While most people are not targets of the NSA, the FBI or any foreign government, hackers seek to steal the financial and personal information of ordinary people. Your phone stores more than just selfies. For example, your email account on the phone is the gateway to resetting banking and other sensitive passwords.
Just like washing your hands and brushing your teeth, a little “cyber hygiene” can go a long way toward preventing disaster.
lock your phone with passcode
Not doing so is like leaving your front door open.
A four-digit passcode — along with a self-destruct feature that can erase a phone’s data after too many miscalculations — stumped the FBI for weeks and forced them to bring in outside help. Using six digits makes the passcode 100 times harder to guess. And if you want to make it even more difficult, you can add letters and other characters to further increase the number of possible combinations. These are options on both iPhone and Android.
Under Touch ID & Passcode, the iPhone’s self-destruct feature is something you’ll need to turn on in Settings. Do this, and the phone will automatically clean itself after 10 failed attempts. But 10 attempts also apply to your guesses, if you forget your passcode, or if your kids start punching in numbers randomly. Android has a similar feature.
Both systems will also introduce a waiting period after many incorrect guesses making it difficult to try all combinations.
Biometrics, such as fingerprint scanners, can act as a shortcut and make processing complex passcodes less of a pain.
To the displeasure of the FBI, iPhones running at least iOS 8 offer full-disk encryption by default. This means that the information stored on the phone – cannot be extracted by the authorities or by hackers – and can be read on any other computer. If the phone is not unlocked first, any information obtained will be scrambled and unreadable.
However, with Android, you usually have to turn it on in Settings. Google’s policy requires many phones with the latest version of Android, including their own Nexus phones, to offer encryption by default. But, according to Google, currently only 2.3 percent of active Android devices are running that version.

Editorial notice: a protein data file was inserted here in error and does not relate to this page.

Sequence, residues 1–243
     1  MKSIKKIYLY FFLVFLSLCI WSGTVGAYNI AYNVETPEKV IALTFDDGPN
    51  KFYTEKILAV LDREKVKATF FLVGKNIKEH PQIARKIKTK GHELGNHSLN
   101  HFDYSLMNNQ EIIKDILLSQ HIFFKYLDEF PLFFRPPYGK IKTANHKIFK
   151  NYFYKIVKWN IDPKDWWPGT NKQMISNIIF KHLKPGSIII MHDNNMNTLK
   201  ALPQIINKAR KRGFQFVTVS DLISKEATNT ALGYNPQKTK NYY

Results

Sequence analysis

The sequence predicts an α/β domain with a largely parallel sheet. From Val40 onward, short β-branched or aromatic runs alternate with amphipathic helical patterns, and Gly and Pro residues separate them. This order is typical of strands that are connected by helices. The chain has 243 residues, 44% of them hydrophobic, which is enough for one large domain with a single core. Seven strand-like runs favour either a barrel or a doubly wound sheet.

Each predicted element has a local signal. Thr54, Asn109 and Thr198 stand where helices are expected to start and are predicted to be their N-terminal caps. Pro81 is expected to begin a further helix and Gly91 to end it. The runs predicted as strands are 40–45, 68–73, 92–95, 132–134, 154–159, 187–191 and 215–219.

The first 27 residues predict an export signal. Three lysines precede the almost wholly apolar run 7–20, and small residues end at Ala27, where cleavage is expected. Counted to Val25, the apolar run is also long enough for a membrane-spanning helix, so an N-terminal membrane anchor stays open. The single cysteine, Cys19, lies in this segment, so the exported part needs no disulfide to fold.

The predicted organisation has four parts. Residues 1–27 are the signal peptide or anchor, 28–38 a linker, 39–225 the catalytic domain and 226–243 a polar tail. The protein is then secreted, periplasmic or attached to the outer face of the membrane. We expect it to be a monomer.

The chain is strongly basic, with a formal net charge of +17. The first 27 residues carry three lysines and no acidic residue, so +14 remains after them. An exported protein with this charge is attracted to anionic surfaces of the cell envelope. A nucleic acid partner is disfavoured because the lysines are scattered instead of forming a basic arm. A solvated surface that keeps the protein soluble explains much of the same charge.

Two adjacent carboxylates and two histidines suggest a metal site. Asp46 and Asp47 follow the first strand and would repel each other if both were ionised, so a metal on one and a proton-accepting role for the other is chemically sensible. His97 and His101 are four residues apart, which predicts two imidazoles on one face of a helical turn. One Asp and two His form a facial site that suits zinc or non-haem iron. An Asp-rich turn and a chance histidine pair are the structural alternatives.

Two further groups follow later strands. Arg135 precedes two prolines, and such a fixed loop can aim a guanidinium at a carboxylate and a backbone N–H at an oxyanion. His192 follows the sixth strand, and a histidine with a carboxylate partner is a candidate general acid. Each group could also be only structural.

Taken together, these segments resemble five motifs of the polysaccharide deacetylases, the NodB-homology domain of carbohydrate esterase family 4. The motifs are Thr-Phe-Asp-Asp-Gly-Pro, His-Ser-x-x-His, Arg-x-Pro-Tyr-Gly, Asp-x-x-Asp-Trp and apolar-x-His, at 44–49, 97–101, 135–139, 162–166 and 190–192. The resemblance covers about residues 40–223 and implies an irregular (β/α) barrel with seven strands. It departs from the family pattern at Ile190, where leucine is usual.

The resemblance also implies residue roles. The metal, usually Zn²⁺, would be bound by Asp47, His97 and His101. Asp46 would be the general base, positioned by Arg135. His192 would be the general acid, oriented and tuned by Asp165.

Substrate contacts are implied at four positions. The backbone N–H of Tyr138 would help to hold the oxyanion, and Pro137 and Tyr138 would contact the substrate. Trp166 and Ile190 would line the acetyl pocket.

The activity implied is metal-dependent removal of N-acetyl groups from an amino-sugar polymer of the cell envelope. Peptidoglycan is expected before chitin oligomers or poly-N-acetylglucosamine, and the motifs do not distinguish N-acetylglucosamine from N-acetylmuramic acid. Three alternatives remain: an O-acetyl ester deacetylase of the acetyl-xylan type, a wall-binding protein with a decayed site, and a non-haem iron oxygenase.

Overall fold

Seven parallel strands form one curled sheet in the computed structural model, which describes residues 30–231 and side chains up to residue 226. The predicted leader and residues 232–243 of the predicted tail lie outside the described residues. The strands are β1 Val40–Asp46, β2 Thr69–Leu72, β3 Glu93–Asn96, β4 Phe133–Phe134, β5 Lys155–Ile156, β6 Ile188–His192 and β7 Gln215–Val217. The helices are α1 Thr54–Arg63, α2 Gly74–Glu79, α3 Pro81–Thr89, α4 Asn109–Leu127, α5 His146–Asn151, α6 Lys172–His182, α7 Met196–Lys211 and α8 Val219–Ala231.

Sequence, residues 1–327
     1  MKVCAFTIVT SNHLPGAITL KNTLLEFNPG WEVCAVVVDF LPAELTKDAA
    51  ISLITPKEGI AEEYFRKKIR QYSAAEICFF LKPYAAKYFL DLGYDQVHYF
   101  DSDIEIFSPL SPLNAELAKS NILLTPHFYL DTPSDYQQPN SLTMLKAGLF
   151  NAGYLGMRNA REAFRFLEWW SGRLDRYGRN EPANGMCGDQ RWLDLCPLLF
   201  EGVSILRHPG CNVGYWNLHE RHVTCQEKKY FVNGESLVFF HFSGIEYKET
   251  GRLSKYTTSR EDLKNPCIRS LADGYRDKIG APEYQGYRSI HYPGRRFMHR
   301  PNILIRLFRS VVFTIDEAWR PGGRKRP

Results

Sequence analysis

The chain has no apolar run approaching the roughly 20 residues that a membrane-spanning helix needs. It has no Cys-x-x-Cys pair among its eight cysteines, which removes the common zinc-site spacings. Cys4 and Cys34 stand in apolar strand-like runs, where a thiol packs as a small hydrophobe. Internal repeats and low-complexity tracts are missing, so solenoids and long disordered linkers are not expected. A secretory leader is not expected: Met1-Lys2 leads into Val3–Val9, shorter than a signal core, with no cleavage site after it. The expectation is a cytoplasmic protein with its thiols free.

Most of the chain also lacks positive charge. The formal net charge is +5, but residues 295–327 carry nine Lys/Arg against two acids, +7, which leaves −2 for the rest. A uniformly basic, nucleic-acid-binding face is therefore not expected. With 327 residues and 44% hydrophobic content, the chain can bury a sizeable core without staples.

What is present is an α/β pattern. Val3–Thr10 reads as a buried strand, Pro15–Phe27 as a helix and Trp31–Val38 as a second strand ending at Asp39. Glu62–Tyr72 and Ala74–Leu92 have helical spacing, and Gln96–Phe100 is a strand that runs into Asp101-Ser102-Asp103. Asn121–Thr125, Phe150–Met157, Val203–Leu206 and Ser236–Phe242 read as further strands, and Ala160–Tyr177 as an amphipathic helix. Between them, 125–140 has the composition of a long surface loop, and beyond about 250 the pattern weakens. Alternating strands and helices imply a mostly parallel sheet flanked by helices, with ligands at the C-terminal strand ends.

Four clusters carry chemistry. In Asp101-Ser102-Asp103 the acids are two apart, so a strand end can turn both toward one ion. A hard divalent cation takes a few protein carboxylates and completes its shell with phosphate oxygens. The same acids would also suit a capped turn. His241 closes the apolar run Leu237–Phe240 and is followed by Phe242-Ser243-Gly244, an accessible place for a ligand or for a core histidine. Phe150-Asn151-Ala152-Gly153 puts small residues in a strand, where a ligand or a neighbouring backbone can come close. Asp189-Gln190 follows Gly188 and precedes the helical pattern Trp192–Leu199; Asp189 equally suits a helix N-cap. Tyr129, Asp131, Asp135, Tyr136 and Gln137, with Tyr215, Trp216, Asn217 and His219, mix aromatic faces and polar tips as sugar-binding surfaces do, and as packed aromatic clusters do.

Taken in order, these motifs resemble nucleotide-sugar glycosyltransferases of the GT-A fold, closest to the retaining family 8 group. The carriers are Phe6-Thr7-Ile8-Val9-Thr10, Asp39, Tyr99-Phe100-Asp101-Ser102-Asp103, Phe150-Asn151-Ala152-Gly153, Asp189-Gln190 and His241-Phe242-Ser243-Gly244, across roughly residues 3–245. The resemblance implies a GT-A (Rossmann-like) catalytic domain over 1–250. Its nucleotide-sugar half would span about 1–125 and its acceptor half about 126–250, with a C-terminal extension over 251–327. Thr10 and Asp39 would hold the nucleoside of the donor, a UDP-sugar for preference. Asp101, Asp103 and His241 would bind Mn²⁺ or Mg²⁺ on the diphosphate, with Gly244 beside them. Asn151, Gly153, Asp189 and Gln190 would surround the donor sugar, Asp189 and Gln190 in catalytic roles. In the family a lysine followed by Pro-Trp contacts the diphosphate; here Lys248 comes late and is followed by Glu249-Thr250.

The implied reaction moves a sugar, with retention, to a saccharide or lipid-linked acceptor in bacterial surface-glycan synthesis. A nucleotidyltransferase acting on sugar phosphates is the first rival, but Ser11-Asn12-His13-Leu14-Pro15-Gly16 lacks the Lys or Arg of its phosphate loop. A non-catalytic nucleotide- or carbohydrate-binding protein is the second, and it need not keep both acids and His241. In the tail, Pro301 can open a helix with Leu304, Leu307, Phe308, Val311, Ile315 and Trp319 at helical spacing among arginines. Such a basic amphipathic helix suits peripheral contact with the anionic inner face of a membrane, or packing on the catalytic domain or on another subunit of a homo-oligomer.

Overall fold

set up device finder
Find My iPhone isn’t just for finding your phone in the couch cushion.
If your device goes missing, you can put it in lost mode. It locks your screen with a passcode, if it isn’t already, and lets you display a custom message with a phone number to help you get it back.
The app comes with the iPhone, but you’ll need to set it up before you can lose your phone. Look for the Find iPhone app in Extras Folder.
Meanwhile, Activation Lock makes it harder for thieves to sell your device. The phone becomes unusable – cannot be reactivated – without knowing its Apple ID. This feature starts automatically on phones running at least iOS 7.
If all else fails, you can remotely wipe the phone’s data. While your information will be lost, at least it will not fall into the hands of a nefarious person.
Android phones don’t have anything comparable, but Google’s Android Device Manager app, along with a few others made by third parties, can be downloaded for free from the Google Play app store.
back up your phone
If you need to remotely wipe the phone’s data, it’s comforting to know that you won’t lose all your photos and other important data. This is also helpful if your child submerges your phone in a glass of water.
As mentioned earlier, apps like Find My iPhone and Android Device Manager will allow you to do this, provided you set them up ahead of time.
keep your software up to date
Software updates often contain solutions to known flaws that can give hackers a way into your device.
On iPhones, Apple prompts you to get an update.
It’s more complicated with Android as the update has to go through various phone manufacturers and wireless carriers first. But install updates when asked.